It’s Time for India to Get Serious about Solar
Six hundred million people without power – and those were the ones expecting to have power. I’m not going to join the chorus of critical voices reacting to two of the world’s largest power black-outs recently in India. While surely there is ample blame to go around, it’s not really clear what happened. It could have been the lack of infrastructure investment, the light monsoon weather causing farmers to use more electricity for pumping irrigation water or states taking more than their allotted share of electricity from the grid. But one thing is clear, this power outage ground India’s economy to a halt, left 10 percent of the world’s population without power and rolled through 22 of India’s 28 states. And that’s not counting the 300 million people there who have no regular access to electricity.
The electricity crisis will certainly bring India’s energy problem into the forefront so this a great time to rethink and recommit to solar being a larger part of the energy mix. Although the National Solar Mission has a goal of 20GW of solar installed by 2020, the goal is relatively modest given that India currently faces an 8 to 12 percent energy deficit at peak times and is estimated to need to add between 600-1200 GW of generating capacity before 2050 (that’s 20-40GW/year).
In fact, in a recent solar energy survey conducted by Applied, more than half of respondents in India voiced concern that the country’s renewable energy goals were too slow. Solar can contribute immediately and significantly to meeting India’s urgent and growing energy needs.
Among all the options India has to deal with its energy crisis, “betting” on solar is among the safest plays it can make:
(1) It’s available now. Solar panels are readily available and rapidly deployable. Globally, there remains a significant overcapacity of production for solar panels. That means they are widely available and competitively priced, especially if the Indian government were to make some significant investments in long term supply contracts. Second, it is faster to get solar power into production than any other form of energy. A 500MW plant could be constructed in less than a year, whereas a nuclear power plant could take anywhere from 5-10 years to complete. Traditional coal or gas turbine power plant construction moves at a glacial pace compared to solar construction. India needs energy now and solar delivers.
(2) It’s distributed. Maybe it’s time for India to leap frog beyond the traditional power grid system just as Africa and Asia skipped the wire-based telephone networks and moved straight to cell phone connectivity. Solar power can be a valuation form of distributed generation – rooftops, commercial applications, replacement for back-up generators at large industrial facilities, and micro-grid power plants. Solar enables you to get energy to highly rural, non-grid connected locations. Using solar to meet the emergent energy demand would not require solving the “grid infrastructure” problems before help arrives. While they work on improving the grid, massive new sources of energy could already be in production.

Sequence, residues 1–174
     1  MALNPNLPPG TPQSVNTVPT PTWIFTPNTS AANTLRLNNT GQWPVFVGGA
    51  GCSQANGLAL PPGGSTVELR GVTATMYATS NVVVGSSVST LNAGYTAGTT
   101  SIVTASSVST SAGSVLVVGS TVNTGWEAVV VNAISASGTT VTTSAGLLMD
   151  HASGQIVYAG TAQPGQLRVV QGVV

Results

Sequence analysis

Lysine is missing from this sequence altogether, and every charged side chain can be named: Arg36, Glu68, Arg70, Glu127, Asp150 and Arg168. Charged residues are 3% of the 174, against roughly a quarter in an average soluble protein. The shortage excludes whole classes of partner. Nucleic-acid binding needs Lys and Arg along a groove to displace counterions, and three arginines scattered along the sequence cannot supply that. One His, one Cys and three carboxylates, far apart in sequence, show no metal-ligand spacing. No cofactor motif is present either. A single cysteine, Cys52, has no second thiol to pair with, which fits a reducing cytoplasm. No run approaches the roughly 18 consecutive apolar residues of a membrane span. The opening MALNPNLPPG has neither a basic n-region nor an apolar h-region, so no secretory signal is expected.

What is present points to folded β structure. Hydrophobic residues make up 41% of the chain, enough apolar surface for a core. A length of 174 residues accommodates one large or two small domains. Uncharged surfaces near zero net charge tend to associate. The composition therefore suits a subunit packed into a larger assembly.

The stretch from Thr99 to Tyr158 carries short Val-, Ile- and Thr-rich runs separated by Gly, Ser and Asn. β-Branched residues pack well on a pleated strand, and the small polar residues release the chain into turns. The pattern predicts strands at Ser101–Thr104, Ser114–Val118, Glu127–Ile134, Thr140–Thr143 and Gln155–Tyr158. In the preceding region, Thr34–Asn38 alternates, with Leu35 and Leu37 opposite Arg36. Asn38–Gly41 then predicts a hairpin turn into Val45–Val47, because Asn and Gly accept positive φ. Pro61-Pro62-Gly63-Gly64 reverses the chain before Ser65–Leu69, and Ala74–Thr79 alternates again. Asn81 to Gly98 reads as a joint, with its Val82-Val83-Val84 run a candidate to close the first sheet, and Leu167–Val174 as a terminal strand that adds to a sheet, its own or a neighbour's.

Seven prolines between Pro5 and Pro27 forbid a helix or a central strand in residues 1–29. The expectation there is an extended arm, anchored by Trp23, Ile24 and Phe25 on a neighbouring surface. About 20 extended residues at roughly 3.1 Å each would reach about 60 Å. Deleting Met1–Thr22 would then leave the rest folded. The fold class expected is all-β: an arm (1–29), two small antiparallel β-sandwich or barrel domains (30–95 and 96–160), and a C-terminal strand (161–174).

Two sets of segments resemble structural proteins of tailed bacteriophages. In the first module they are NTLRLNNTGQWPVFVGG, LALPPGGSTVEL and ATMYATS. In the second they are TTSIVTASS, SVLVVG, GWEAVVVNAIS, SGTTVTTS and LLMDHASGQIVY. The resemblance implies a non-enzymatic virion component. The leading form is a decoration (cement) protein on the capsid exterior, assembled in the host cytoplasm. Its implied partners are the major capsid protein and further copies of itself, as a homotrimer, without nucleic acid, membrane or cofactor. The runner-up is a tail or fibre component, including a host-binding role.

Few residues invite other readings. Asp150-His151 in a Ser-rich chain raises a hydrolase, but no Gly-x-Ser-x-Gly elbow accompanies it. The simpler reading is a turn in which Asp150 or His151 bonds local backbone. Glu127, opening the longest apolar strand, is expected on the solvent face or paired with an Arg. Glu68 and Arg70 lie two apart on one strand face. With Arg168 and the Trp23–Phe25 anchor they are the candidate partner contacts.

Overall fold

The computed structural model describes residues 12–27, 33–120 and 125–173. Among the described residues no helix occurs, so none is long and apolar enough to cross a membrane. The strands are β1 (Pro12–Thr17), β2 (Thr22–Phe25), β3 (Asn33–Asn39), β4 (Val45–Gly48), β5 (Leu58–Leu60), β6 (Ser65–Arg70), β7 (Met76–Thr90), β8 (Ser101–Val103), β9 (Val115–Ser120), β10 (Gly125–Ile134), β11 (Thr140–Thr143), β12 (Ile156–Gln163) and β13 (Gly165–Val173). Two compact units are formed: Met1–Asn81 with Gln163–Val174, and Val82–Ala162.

(3) It works best when you need it the most. Solar works best when the sun is at its hottest, meaning that it can help carve off the peak demand spikes that loom over every utility. By softening those spikes, there is more time and energy for rationally deploying baseload capabilities. And peak demand spikes are only expected to worsen as more Indians move into the middle class and purchase air conditioning units for those long, host Indian summers.
(4) It’s affordable and getting cheaper all the time. The average solar irradiation in India is 1500-2000 hours a year, which makes India one of the best places on the planet for harvesting solar energy. Solar panel prices have fallen 70% over the last three years and scale and technology in the industry are continuing to drive down costs. Indian utilities are in an excellent position to negotiate highly desirable pricing for major solar deployments, while the government can focus on enabling smaller communities and homeowners to benefit from rooftop installations that are free from the grid.
(5) And it’s clean. Diesel generators which are widely used as back-up to grid power are huge polluters, terrible for human health, and significantly more expensive to operate than solar.
Fast, cost effective, reliable, distributed clean energy generation. Solar is ideal for India.
Of course, the single biggest hurdle to the Indian National Solar Mission is the funding. Ten GW of solar in the fifth plan requires $20 billion in funding – resources that India just does not have. The real challenge is not that of imports or of safe-guard duties. If the regulators implement a technology neutral policy that promotes free and fair trade – and if they focus on the financial enablers, they can find one of the greenest solutions to the Indian energy equation.
Of course, solar is only part of the solution to the energy crisis in India (and it doesn’t work at 3 am when the first blackout hit). But it no longer should be treated as a niche or “alternative” energy solution. Solar has earned its place at the grown-up table. Solar energy powered 50 percent of Germany’s midday electricity needs on May 26, 2012 – producing >22GW of energy. That’s the equivalent of 20 nuclear power plants.
If solar can supply half the energy needs of the world’s fourth largest economy on a given day, it could certainly play a bigger role in India’s energy future.
Cathy Boone is senior director of energy policy and market development at Applied Materials.
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